This is where things became a little bit complicated. Usually, we always try to develop film at a temperature of 20 °C (68 °F).On your developer’s packaging, you will always find a table showing the duration of the bath according to the sensitivity of your film and the bath temperature.Temperature plays an important role. We try somehow to stay in a temperature range between 18 °C (64°F) and 25 °C (77°F). The colder the water is, the longer the bath duration will be; the hotter the water is, the shorter the bath duration will be.The duration of the bath changes a lot of things. If your developing bath is longer, the grain of your photo will be thinner.Therefore 20 °C (68 °F) is a good temperature. This bath is long enough to refine up the grain, and it is short enough to ensure good grades and good contrast.Always refer to the tables on the developer’s packaging; they are always simple and easy to understand.
DILUTION OF THE DEVELOPER
You can use your developer undiluted; the treatment will be as short as possible. We can reuse the bath up to a maximum of 3 times. If you want to get a thinner grain, it is possible to dilute the developer to increase the duration of the developer bath.It may be diluted in 1:1 ration (one dose of water for one dose of developer), which will double the length of the developer bath.It can also be diluted in 1:4 ration (4 parts water for one dose of developer); this will multiply the length of the bath by 4. I do not recommend this level of dilution because rotating your developing tank for 55 minutes is not very fun.Once the developer is diluted, it can only be used once.
DEVELOP YOUR BLACK AND WHITE FILM: STEP-BY-STEP GUIDE
STEP 1 : PREPARE THE FILM
For this step, you need a dark room (cover every light source with masking tape, foam weather stripping, towels or rags), a pair of scissors, your developing tank and yourself winding the film in the reel.In the dark, you will have to get the film out of its canister, cut the ‘tongue’ off your film, wind it on the reel (see pictures below), put the reel on the axis of the tank, put everything in the tank, place the funnel and finally, close the container.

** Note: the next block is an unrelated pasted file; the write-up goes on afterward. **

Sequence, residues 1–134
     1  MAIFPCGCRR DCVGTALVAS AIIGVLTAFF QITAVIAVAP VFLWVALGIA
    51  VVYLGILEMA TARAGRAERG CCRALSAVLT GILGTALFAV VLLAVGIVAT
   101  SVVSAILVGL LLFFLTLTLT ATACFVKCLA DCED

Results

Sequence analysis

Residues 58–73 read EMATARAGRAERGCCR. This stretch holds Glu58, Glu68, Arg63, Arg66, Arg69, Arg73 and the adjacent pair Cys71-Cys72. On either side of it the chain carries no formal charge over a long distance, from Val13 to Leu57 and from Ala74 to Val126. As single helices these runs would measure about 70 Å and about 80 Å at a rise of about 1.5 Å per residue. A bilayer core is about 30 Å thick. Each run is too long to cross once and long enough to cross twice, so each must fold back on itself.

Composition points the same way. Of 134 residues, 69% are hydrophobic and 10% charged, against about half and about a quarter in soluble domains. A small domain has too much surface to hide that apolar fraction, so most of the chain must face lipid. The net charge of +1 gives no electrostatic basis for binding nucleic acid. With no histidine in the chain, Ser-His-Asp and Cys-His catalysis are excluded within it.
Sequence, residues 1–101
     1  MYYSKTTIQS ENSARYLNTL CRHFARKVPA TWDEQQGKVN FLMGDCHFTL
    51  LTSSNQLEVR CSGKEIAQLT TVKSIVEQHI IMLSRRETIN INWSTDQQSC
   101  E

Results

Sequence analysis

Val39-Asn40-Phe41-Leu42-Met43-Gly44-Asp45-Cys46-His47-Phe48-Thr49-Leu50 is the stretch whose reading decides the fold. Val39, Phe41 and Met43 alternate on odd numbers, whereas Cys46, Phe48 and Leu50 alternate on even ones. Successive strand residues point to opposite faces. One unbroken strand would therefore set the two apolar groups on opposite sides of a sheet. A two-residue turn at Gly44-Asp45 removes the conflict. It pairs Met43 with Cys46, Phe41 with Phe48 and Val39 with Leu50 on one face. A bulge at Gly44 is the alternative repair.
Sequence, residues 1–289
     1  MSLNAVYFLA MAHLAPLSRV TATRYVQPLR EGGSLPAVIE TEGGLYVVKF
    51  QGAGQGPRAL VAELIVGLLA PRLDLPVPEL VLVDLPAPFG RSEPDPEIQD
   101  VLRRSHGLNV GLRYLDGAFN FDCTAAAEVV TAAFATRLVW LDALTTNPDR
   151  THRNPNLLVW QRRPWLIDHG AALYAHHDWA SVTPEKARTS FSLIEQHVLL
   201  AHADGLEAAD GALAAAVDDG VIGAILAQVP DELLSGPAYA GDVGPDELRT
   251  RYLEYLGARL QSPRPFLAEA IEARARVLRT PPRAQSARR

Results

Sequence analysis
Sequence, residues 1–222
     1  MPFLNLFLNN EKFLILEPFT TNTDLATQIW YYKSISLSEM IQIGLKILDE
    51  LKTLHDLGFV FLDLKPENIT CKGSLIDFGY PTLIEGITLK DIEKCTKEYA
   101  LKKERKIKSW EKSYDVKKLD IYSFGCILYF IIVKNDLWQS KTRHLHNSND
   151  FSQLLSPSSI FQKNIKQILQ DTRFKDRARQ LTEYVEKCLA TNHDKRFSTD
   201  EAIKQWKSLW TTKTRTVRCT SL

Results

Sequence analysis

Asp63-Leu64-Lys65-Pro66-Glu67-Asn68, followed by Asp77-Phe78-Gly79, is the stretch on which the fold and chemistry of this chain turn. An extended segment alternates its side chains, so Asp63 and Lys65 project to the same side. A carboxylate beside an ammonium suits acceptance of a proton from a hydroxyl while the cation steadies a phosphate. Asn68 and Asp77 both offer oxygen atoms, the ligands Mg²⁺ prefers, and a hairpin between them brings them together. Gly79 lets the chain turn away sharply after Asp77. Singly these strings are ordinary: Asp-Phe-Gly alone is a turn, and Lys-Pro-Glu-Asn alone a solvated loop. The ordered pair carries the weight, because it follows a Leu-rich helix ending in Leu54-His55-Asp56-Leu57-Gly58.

My advice is to practice before you do it for the first time. Try this in the light and use an old role of film. Do it until you can do it with your eyes closed. To remove the film from the canister, you can use a bottle opener, but be careful, do not touch the film. To catch the film you can use your thumb and your forefinger. Since the end of the film has no exposures on it, it is safe to touch it.After that, close the tank, and you can turn on the light.
STEP 2 : THE DEVELOPER BATH
Pour the developer in the tank (300ml for 35mm, 500ml for a coil 120 or 220, 600 for the two films 35). The total duration of the bath is indicated on the developer’s packaging.
Start the timer, put on the cover as soon as possible, and then beat the bottom of the tank 5 times on the table! This is very important; it removes the air bubbles from the film.
During the first 10 seconds, turn the tank 5 times, one second up and one second down, as shown below:
You will have to do this movement every 30 seconds. So every 30 seconds, during 10 seconds, one second down and one second up, 5 times in a row.
When the time is up, pour the developer bath into a container (we never throw chemicals in the sink or the toilet, it is extremely polluting), and then proceed very quickly to the next step:
STEP 3 : THE STOP BATH
Unless you are using a Chemical stop bath like ILFOSTOP, let the water flow into the tank’s funnel for one minute and then go to the next step. Make sure that the water is not less than 5 °C (41 °F). Go to the next step.
STEP 4 : BATH FIXER
Pour the desired amount of fixer (Ilford Rapid Fix HYPAM, Kodak T-max fixer) into the tank, put the lid on tight and shake your tank from top to bottom, a broad movement for 5 to 10 minutes (normally after 10 films, you will have very muscular arms). It is best to have a bath fixer between 18°C and 22 °C (64°F and 71°F).
STEP : 5 RINSING
If you are using a non-hardening fixer (Kodak T-Max, Ilford Rapid Fix or HYPAM) you can rinse your film by saving a lot of water, to do this:
- Fill the tank with water, close it, turn it 5 times, drain.
- Fill the tank with water, close it, turn it 10 times, then drain
- Fill the tank with water, close it, turn it 20 times, then drain.
If you use a hardening fixer, let the water run into your tank for 20 to 45 minutes. The film is now flushed. You can remove the funnel (the film is no longer sensitive to light). Remove the film gently from the reel.You need to wring your film before hanging it to dry:
- Use a squeegee or
- A chamois or
- By forming a clamp with your hand, slide the entire film between your thumb and forefinger.
Then hang your film to dry into a dust free environment.When the film is dry, it’s over. Congratulation you did it, you know how to develop black and white film !